On September 3, 2021, Japanese Prime Minister Suga Yoshihide announced that he would not seek reelection as the president of the ruling Liberal Democratic Party (LDP), effectively declaring his resignation as Japan’s head of government. Listen to Dr. Giulio Pugliese discuss Suga’s short tenure, including his deep unpopularity due to his government’…
 
Liang Luo's book The Global White Snake (U Michigan Press, 2021) examines the Chinese White Snake legends and their extensive, multidirectional travels within Asia and across the globe. Such travels across linguistic and cultural boundaries have generated distinctive traditions as the White Snake has been reinvented in the Chinese, Japanese, Korean…
 
Liang Luo's book The Global White Snake (U Michigan Press, 2021) examines the Chinese White Snake legends and their extensive, multidirectional travels within Asia and across the globe. Such travels across linguistic and cultural boundaries have generated distinctive traditions as the White Snake has been reinvented in the Chinese, Japanese, Korean…
 
In The Values in Numbers: Reading Japanese Literature in a Global Information Age (Columbia UP, 2021), Hoyt Long offers both a reinterpretation of modern Japanese literature through computational methods and an introduction to the history, theory, and practice of looking at literature through numbers. He weaves explanations of these methods and the…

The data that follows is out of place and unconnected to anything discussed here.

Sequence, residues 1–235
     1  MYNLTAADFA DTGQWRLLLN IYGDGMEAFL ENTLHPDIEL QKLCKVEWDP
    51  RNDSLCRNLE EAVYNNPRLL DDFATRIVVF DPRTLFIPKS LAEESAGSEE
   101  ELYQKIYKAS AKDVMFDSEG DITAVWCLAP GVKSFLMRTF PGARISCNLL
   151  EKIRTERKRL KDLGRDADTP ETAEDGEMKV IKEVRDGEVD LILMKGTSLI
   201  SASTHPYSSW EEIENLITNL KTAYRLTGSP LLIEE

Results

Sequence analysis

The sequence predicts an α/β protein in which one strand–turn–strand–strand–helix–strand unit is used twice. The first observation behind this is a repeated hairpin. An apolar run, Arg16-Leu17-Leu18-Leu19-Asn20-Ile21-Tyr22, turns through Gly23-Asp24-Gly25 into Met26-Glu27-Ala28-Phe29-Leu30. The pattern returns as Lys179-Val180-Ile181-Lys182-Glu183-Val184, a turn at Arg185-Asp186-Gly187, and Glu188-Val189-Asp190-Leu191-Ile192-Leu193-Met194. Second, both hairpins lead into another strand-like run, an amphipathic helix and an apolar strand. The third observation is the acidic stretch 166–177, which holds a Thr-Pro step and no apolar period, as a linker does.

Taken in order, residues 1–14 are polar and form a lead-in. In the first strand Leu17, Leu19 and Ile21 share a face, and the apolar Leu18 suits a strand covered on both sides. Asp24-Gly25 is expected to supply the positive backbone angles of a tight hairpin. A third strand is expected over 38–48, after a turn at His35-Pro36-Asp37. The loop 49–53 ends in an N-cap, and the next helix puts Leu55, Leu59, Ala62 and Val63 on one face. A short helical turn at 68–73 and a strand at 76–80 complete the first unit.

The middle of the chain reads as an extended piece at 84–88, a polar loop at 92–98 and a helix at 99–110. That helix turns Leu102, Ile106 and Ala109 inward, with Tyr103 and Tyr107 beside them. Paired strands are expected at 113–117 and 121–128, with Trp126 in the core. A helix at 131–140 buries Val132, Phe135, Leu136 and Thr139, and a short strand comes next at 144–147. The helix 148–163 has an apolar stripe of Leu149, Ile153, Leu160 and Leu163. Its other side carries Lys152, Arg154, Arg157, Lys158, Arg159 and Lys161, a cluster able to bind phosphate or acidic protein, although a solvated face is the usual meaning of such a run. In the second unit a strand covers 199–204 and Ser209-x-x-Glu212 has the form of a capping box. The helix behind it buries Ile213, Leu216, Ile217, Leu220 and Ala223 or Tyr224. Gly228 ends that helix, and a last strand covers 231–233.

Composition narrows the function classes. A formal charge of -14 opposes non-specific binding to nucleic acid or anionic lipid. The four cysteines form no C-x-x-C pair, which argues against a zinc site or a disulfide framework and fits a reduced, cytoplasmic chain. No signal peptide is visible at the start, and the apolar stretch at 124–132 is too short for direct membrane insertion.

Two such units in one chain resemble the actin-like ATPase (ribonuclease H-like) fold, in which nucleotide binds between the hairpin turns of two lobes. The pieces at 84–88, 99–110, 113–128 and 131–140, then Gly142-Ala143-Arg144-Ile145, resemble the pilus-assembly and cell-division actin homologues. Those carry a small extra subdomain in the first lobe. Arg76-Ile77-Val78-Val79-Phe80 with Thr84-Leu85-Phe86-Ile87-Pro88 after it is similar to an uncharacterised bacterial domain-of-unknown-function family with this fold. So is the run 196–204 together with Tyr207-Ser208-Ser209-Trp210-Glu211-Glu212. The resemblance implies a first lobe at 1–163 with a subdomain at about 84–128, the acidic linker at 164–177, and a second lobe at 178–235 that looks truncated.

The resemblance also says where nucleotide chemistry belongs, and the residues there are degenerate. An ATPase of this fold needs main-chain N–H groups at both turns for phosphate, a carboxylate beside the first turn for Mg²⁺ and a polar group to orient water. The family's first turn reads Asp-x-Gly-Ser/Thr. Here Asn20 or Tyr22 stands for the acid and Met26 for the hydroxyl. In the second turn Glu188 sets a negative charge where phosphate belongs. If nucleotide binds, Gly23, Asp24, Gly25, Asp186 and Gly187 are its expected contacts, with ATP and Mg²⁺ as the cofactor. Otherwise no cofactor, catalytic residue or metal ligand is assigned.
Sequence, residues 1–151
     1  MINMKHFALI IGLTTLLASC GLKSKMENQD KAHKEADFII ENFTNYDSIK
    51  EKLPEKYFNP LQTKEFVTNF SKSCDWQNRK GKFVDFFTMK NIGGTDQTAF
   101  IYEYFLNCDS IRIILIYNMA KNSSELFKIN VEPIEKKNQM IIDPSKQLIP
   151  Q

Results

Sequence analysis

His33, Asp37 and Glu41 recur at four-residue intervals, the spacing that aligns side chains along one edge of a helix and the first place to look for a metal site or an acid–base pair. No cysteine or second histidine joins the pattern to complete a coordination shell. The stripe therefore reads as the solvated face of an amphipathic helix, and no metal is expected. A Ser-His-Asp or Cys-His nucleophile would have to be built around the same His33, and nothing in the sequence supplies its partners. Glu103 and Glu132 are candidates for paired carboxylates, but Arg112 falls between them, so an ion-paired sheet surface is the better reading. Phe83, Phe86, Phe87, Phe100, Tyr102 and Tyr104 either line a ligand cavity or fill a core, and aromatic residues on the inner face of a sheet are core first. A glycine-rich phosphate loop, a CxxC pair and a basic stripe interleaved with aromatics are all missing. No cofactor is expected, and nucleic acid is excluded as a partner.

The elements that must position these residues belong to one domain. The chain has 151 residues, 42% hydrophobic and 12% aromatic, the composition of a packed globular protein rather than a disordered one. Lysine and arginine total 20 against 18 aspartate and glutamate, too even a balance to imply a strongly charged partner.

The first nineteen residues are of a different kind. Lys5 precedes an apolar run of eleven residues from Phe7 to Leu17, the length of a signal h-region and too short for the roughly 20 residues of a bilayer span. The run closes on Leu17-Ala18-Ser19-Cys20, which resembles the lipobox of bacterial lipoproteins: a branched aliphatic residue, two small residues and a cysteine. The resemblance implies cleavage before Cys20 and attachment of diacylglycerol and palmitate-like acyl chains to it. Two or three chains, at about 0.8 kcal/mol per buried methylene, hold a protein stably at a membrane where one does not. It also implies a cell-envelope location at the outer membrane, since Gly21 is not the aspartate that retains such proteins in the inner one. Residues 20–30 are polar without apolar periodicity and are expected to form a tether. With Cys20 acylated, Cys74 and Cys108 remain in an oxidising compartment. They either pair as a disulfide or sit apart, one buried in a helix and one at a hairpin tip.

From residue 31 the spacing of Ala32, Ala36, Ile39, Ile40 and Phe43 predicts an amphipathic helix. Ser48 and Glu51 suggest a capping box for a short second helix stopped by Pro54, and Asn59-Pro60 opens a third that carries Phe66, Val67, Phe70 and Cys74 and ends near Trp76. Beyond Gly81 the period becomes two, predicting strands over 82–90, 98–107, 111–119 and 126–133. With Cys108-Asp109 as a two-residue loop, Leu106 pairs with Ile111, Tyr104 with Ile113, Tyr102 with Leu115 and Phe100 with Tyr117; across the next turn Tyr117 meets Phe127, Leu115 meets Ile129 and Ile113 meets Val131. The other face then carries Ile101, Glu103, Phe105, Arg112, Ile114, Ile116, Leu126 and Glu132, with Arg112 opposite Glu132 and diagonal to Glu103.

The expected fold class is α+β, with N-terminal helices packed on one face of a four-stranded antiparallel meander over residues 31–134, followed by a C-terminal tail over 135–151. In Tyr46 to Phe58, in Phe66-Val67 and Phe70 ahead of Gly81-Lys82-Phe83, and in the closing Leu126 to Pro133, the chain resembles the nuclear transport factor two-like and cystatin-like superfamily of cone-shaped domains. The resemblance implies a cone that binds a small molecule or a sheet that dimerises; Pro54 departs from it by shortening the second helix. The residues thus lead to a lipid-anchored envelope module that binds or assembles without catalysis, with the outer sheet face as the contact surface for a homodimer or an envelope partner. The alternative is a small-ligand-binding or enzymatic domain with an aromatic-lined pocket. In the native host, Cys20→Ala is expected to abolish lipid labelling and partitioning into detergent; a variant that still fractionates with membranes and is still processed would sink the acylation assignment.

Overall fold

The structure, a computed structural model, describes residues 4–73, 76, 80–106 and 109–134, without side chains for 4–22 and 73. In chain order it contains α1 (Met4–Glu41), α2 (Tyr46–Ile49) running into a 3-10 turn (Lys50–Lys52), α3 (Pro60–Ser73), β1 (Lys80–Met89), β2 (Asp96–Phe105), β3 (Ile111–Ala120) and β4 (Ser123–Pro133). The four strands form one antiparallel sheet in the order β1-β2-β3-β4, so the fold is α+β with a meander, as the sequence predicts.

In The Values in Numbers: Reading Japanese Literature in a Global Information Age (Columbia UP, 2021), Hoyt Long offers both a reinterpretation of modern Japanese literature through computational methods and an introduction to the history, theory, and practice of looking at literature through numbers. He weaves explanations of these methods and the…
 
'I broke a law simply by being born.' In the late 1980s, Shen Yang was born during the fiercest years of China's One-Child Policy. As the second daughter of the family, she was a massive liability - an excess child, a product of illegal birth. From being raised by her grandparents in a remote village as soon as she was born, to being whisked away t…
 
This episode we speak with Dr Marisa Geyer. She is a pulsar astronomer and Commissioning Scientist at the South African Radio Astronomy Observatory (SARAO) in Cape Town, South Africa. MeerKAT telescope. She also explains her research on pulsars and mysterious Fast Radio Bursts (FRBs). We don't yet know what causes FRBs, but Marisa reveals some enti…
 
What is image-based abuse? Why has it been on the rise in Asia, especially amid the Covid-19 pandemic? What has been done to tackle the issue? Raquel Carvalho, Asia Correspondent for the South China Morning Post, shares the story of how a group of journalists across some Asian newsrooms collaborated in a months-long investigation and uncover the st…